Topic: Political Philosophy

Free Markets, Limited Government, and the Arab World

Today is the second day of the Economic Freedom of the World network meeting in Beirut, at which Cato has an international presence. (The conference is organized by our good friends at the Fraser Institute of Canada and the Jordan office of Germany’s Friedrich Naumann Foundation.)

My colleagues Ghaleb Hijazi and Fadi Haddadin brought from Jordan the beautifully printed and bound full Arabic edition of the Economic Freedom of the World report. The Arabic edition (which will soon be available online) is beautiful and really impressive. They also distributed for the first time the new brochures for Misbahalhurriyya.org, Cato’s Arabic libertarian website and publishing service, as well as other products for Arabic readers. We got a preview yesterday of a series that they helped to produce with Al Jazeera on examples of successful free-market entrepreneurship in the Arab world. They’ll be run on television over the next month.

One of my colleagues gave a really interesting presentation that looked at the roots of Arab economic stagnation, during which he used data to show that it’s not religion, it’s not ethnicity, and it’s not even oil — it’s state-owned oil monopolies that have been responsible since the 1970s for lagging economic performance in the Arab world. (In particular, his data on the difference between Arab OPEC members and Arab non-OPEC members were quite interesting.)

A number of foreign participants, as well as a lot of the Lebanese participants – notably the government ministers – had to cancel their participation in the conference due to security concerns, but for those who did come, it all seems rather peaceful. (On the other hand, given the recent attempts to bring down the government through extra-electoral means, if I were a Lebanese minister, I might not go to a lot of public events, either.) Today’s sessions are focused on auditing the performance of Arab governments and identifying and reducing or eliminating barriers to trade, obstacles to entrepreneurship, and so on.

I walked with some of the other participants (from Turkey, Poland, Russia, Georgia, Jordan, and Canada) to visit the Hezbollah camp in front of the prime minister’s office last night. It was quite an interesting experience. (I posted some photos on my personal website of posters with Hugo Chavez and Hezbollah’s Nasrallah, which seemed popular there.)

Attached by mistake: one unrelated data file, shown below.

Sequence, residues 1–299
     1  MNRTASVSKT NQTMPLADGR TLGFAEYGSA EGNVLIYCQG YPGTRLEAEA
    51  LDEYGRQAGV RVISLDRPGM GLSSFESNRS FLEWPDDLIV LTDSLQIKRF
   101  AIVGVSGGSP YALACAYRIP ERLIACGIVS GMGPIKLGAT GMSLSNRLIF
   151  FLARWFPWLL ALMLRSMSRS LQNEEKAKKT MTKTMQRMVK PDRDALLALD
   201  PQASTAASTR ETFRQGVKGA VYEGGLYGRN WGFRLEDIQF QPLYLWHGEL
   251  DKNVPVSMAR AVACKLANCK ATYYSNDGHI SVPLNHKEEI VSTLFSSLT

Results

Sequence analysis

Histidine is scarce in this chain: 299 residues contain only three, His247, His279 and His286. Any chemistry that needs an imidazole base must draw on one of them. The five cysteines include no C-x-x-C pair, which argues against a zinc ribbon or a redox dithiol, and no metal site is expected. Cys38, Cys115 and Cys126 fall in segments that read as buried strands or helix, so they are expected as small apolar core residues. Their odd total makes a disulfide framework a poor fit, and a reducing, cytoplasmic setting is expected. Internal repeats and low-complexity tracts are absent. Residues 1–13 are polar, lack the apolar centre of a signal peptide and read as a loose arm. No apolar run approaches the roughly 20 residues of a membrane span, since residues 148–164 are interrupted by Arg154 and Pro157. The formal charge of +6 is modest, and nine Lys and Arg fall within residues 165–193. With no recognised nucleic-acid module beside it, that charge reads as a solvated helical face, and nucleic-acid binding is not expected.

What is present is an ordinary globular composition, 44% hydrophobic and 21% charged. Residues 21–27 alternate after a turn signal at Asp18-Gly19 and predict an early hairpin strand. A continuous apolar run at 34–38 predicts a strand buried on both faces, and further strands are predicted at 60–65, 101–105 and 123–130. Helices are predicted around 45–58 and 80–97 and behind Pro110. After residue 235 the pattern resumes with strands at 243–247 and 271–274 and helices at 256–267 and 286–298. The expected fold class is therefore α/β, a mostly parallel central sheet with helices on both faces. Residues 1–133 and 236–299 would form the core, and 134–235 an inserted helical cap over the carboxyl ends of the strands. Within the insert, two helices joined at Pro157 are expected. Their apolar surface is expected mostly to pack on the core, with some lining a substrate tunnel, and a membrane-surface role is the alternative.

This afternoon and over the next few days my colleagues and I will be meeting with newspapers and publishing houses.

Why Rawls is Great!

A few friends and colleagues have asked me why I think Rawls and not, say, Nozick, was the best political philosopher of the 20th Century. What kind of libertarian am I to think that? Well, I certainly think Nozick gets the conclusions right. But I truly think A Theory of Justice is an incredibly rich and profound book that lays out an extremely compelling method for evaluating the moral desirability of basic social and political institutions. Nozick’s Anarchy, State, and Utopia is in my opinion one of the most, if not the most, compelling, creative, and pyrotechnically brilliant pieces of extended reasoning in all of 20th Century philosophy. But it famously begins with an unsupported assumption of John Locke-style individual rights. If you don’t accept the assumption, the argument just doesn’t get going.

Rawls, I think, offers a compelling way of justifying something like rights as side-constraints. Now, I don’t think many of Rawls’ conclusions follow from his intermediate premises. For instance, Rawls’ does not take sufficiently seriously his own claim for the moral priority of his First Principle of Justice, “each person is to have an equal right to the most extensive basic liberty compatible with a similar liberty for others,” over his Second Principle, that inequality in the “distribution” of “primary goods” is justified only if it benefits the least well-off class of citizens. Additionally, even if one accepts Rawls’ second principle (I think it is too strong), his conclusions about how it justifies certain institutions of the modern welfare state don’t follow, given what is known, empirically and theoretically, about economics and political economy. Nevertheless, I think Rawls’ theoretical framework is very close to the right one, and that is an enormous achievement. My own view is very close to that of Richard Epstein in his remembrance of Rawls in the National Review: